Cutting fossil fuel subsidies and putting efficient price on CO2 would raise crucial revenue for Treasury, LSE research paper argues
Fair and efficient carbon pricing that encourages a shift from fossil fuels to green investment can help deliver a more resilient Covid-19 recovery, as well as raising up to £15bn a year in crucial revenues for the Treasury over the next decade, an LSE research paper claims.
A policy briefing by LSE's Grantham Research Institute on Climate Change and Environment today sets out the case for placing carbon pricing and a reduction in fossil fuel subsidies at the centre of economic recovery packages, arguing such moves would help accelerate the net zero transition and make society less vulnerable to future climate, ecological, and public health risks.
With the UK facing potentially its deepest recession in three centuries, businesses and entire industries have sought assistance from the government to stay afloat and safeguard jobs, prompting growing calls for state support be contingent on strict climate and environmental conditions.
Today's LSE paper argues that as the government focuses on tackling the coronavirus crisis and building a pathway towards recovery, it should be careful to avoid delaying progress on carbon pricing or phasing out fossil fuel subsidies. It also cautions against imposing "any kind of 2010's style austerity".
"Carbon pricing is fair and efficient and sends a clear message that the polluter must pay," said Grantham Institute policy fellow and lead author of the paper, Josh Burke. "But if carbon is not priced and fossil fuels are subsidised, the post-Covid-19 recovery will be distorted in favour of a high-carbon economy which will leave society more vulnerable to future risks and lock in a high-carbon path that is more costly to reverse later."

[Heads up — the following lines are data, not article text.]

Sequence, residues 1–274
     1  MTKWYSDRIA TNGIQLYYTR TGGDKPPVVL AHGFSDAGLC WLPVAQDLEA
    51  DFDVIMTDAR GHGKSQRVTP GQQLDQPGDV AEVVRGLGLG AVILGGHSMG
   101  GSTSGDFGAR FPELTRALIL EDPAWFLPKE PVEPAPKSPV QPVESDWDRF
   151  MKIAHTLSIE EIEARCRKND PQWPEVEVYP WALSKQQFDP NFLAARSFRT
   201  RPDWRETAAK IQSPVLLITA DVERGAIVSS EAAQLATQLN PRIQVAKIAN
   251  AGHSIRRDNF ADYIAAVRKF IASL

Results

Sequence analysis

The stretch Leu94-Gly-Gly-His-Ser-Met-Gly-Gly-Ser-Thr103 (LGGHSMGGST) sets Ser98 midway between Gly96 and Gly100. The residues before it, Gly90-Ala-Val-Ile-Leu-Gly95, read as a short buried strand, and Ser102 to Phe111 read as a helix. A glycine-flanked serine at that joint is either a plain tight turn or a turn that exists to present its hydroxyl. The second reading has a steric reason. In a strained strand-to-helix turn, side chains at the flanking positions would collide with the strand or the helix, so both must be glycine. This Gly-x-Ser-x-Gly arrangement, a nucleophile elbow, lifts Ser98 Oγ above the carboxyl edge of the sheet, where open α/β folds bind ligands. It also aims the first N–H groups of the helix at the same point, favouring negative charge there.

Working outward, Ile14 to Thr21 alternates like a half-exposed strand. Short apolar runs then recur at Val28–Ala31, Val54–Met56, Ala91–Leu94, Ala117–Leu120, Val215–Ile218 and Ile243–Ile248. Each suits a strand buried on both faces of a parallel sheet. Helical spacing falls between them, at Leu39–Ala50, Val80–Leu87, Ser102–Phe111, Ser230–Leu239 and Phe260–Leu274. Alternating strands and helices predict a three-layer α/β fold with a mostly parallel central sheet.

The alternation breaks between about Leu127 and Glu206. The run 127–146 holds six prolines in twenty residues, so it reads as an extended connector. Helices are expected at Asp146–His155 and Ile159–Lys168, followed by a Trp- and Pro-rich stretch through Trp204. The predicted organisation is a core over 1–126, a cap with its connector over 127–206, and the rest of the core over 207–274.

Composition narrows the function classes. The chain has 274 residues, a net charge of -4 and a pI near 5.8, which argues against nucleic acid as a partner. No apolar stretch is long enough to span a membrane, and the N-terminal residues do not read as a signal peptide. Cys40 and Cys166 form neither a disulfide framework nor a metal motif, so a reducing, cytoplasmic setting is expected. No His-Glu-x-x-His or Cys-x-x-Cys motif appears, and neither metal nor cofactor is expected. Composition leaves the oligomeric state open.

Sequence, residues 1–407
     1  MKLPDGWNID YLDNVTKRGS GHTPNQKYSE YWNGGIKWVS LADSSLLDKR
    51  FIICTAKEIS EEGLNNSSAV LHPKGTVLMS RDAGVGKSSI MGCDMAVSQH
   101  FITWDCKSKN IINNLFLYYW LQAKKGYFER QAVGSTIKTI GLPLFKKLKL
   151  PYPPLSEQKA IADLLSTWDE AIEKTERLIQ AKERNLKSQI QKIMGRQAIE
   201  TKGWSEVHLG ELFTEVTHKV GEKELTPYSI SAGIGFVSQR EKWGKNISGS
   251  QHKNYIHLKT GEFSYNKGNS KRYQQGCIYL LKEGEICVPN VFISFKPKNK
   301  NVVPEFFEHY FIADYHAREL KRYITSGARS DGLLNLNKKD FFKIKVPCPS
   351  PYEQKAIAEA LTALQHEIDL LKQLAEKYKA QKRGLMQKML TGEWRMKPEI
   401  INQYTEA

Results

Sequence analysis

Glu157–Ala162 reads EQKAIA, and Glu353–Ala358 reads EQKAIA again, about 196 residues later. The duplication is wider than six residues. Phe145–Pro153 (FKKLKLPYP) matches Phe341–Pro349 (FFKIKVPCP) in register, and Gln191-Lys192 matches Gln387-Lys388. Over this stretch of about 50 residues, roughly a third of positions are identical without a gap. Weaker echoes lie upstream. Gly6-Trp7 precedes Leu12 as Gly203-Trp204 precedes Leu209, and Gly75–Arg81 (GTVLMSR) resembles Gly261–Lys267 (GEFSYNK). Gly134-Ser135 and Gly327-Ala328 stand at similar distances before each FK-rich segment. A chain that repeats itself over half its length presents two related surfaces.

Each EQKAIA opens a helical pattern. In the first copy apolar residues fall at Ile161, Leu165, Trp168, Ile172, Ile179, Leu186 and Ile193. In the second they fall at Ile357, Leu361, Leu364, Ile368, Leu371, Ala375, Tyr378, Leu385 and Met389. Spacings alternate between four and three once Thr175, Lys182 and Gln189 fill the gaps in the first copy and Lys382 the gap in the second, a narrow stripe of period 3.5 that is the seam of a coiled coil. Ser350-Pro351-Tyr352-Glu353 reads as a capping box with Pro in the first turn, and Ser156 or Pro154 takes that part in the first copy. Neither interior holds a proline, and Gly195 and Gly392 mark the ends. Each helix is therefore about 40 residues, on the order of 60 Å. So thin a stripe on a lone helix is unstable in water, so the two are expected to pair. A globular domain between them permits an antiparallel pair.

"Putting a price on carbon can achieve both economic and environmental objectives as carbon pricing with complementary measures will encourage the substitution of high-carbon goods and services with lower carbon technologies, stimulating sustainable growth rather than driving down economic activity," he added
At present less than five per cent of global greenhouse gas emissions are covered under carbon pricing initiatives that are priced at a level consistent with achieving the goals of the Paris agreement, while fossil fuel subsidies of various forms remains significant, the paper points out.
The paper follows similar suggestions from Chris Stark, CEO of the Committee on Climate Change, who has highlighted the potential for the UK government to take advantage of the historically-low oil prices to raise taxes on fossil fuels without harming consumers.
But today's LSE paper also argues that carbon taxes could be moved from people to polluters "as carbon pricing raises revenue in a better way than labour or income taxes", in order to help head-off any criticism that introducing CO2 pricing would increase the tax burden on households during a recession.
Moreover, Burke suggested a citizen dividend "akin to a modest version of the universal basic income", whereby some of the funds raised from taxing emissions are handed directly to households, could help build popular support for carbon pricing, while also helping to boost consumer spending in the wake of the pandemic.
"A carbon tax or permit auctions are a temporary revenue source because the tax base is eroded over time, but structurally they can provide a large source of revenue," explained Burke. "In the UK, this could be in the region of £15bn a year over the next 10 years, equating to roughly three-quarters of annual public spending on adult social care."
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